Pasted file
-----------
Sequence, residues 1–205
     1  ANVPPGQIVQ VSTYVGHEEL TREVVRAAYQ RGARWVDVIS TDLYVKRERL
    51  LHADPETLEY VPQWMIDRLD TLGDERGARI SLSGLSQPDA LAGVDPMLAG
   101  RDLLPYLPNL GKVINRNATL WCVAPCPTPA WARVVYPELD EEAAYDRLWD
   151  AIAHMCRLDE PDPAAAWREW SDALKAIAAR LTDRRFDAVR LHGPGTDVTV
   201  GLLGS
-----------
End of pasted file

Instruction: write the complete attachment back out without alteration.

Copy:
Sequence, residues 1–205
     1  ANVPPGQIVQ VSTYVGHEEL TREVVRAAYQ RGARWVDVIS TDLYVKRERL
    51  LHADPETLEY VPQWMIDRLD TLGDERGARI SLSGLSQPDA LAGVDPMLAG
   101  RDLLPYLPNL GKVINRNATL WCVAPCPTPA WARVVYPELD EEAAYDRLWD
   151  AIAHMCRLDE PDPAAAWREW SDALKAIAAR LTDRRFDAVR LHGPGTDVTV
   201  GLLGS